Sustainability Defined

Sustainable Means …

When we use the word “sustainable” we mean homes that are designed to reduce the overall environmental impact during and after construction in such a way that we can meet the needs of the present without compromising the ability of future generations to meet their own needs. We accomplish this by:

  • Efficiently using energy, water, land and other resources
  • Protecting occupant health
  • Reducing greenhouse gases, pollution, waste and environmental degradation

 

Here are some of the ways that Sustainability has been defined by expert groups worldwide:

Sustainable Development

“Sustainable development is development which meets the needs of the present without compromising the ability of future generations to meet their own needs.”
(United Nations Bruntland Commission Report)

Sustainable Housing

“A sustainable house is one that uses energy and material more effectively both in production and operation while polluting and damaging natural systems as little as possible.”
(Green Building and Sustainability, John Straube, p.6)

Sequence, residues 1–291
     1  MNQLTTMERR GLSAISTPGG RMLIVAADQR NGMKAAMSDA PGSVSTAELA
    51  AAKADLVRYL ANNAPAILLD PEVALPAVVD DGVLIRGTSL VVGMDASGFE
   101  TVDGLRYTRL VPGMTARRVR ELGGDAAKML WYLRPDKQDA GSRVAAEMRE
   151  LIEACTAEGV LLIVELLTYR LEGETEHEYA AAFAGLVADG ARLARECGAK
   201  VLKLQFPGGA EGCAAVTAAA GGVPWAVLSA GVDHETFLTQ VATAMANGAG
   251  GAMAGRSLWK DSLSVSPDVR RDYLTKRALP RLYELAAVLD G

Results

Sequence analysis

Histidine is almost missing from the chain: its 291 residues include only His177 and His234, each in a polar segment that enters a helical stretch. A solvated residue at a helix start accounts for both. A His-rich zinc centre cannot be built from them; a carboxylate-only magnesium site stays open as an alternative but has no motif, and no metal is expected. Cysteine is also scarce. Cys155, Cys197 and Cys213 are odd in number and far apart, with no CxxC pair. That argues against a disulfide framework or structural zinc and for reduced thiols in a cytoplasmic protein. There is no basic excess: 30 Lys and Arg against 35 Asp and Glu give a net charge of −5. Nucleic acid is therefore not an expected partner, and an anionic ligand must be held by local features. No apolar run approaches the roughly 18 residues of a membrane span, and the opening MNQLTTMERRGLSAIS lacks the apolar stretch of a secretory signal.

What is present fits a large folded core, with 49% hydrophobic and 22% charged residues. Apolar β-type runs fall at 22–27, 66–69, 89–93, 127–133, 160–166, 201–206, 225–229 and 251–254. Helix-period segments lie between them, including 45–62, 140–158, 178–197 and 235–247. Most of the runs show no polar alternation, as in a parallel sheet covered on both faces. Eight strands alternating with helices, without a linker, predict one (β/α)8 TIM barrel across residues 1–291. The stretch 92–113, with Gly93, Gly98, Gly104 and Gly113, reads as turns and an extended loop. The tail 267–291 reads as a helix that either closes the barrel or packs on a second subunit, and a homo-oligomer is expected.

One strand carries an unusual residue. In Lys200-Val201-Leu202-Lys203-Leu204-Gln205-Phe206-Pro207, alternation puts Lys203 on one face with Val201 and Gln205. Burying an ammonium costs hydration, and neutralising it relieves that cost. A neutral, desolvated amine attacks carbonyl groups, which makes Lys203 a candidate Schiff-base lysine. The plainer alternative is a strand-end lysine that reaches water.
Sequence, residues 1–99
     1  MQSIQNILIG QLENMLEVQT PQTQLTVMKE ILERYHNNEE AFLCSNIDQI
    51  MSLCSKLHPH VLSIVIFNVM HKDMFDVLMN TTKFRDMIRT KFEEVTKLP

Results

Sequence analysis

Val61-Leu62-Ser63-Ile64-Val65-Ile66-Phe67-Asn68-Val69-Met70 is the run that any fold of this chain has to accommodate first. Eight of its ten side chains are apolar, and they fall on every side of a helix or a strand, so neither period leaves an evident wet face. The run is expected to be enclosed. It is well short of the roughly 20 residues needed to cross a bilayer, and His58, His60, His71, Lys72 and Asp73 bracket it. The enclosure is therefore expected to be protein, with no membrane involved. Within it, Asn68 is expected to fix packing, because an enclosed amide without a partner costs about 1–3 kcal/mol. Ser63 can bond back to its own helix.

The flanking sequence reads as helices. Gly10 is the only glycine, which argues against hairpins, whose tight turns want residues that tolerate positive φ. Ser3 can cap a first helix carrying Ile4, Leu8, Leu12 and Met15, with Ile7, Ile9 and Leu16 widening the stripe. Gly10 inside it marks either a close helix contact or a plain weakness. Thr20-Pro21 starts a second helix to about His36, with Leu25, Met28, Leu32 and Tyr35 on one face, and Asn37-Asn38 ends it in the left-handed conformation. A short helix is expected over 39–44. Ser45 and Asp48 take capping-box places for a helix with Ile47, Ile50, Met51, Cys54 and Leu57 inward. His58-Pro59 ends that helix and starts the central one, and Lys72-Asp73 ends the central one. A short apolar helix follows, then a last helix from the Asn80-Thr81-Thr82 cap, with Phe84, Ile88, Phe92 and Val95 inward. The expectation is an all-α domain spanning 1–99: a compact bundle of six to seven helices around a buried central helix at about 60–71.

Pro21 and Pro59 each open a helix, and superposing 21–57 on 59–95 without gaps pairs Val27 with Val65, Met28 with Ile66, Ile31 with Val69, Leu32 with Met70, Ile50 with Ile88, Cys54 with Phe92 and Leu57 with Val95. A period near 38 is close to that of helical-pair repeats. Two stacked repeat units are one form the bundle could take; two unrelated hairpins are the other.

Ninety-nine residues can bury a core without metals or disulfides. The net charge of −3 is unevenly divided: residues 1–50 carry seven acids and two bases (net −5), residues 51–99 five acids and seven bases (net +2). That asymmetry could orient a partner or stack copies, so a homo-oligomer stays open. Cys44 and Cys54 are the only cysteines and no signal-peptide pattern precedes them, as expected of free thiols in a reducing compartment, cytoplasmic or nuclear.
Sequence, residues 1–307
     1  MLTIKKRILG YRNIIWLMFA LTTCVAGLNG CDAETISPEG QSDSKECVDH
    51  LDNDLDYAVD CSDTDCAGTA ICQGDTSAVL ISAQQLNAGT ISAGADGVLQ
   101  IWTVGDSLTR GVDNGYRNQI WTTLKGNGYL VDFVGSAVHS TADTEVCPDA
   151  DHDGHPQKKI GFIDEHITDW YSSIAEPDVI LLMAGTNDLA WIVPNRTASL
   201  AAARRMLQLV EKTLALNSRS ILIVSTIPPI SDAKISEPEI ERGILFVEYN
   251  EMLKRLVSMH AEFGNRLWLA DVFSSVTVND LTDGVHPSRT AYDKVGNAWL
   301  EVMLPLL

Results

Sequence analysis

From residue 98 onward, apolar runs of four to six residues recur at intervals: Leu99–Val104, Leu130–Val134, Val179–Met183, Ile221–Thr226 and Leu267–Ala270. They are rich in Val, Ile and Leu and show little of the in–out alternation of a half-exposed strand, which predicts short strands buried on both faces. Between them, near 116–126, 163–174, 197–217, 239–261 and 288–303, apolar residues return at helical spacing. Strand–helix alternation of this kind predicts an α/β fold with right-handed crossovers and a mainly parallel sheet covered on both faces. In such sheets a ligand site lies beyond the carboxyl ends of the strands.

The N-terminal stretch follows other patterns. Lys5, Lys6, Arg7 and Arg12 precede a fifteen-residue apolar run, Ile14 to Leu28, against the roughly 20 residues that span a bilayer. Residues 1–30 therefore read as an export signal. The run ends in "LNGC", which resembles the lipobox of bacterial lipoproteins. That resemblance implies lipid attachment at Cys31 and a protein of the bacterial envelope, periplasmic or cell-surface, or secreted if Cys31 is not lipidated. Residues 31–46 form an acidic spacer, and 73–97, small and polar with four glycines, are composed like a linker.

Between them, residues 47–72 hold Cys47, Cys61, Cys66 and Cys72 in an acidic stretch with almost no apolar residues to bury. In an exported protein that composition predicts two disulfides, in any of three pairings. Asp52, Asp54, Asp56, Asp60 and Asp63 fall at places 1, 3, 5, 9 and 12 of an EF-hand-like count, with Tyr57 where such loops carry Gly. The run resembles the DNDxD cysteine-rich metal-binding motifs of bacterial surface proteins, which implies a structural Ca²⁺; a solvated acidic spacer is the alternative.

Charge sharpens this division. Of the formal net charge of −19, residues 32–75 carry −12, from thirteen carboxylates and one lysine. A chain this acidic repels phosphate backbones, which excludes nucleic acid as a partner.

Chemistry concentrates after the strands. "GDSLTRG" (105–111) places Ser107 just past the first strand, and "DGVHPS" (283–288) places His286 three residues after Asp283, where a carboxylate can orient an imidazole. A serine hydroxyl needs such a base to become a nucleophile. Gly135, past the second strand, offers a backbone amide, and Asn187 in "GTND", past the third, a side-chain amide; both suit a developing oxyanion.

Other definitions used for energy efficiency and net zero:

Energy Efficient Housing

“An energy-efficient home retains the best quality living environment for its occupants living while minimizing the consumption and waste of energy.”
(Dennis Crook, 2006)

Net Zero Energy Home

“A net-zero energy home is capable of producing, at minimum, an annual output of renewable energy that is equal to the total amount of its annual consumed/purchased energy from energy utilities.”
(The Net-Zero Energy Home (NZEH) Coalition, 2010)

Net Zero Energy Emissions or Zero Carbon Building

“In Europe, a Zero Energy Building is generally defined as one with zero net energy emissions. Under this definition the carbon emissions generated from on-site or off-site fossil fuel use are balanced by the amount of on-site renewable energy production. Other definitions include carbon emissions generated by the building in use, as well as those generated in the construction of the building and the embodied energy of the structure.”
(Zero-energy Building, F. Miller, A. Vandome, J. McBrewsters, 2009)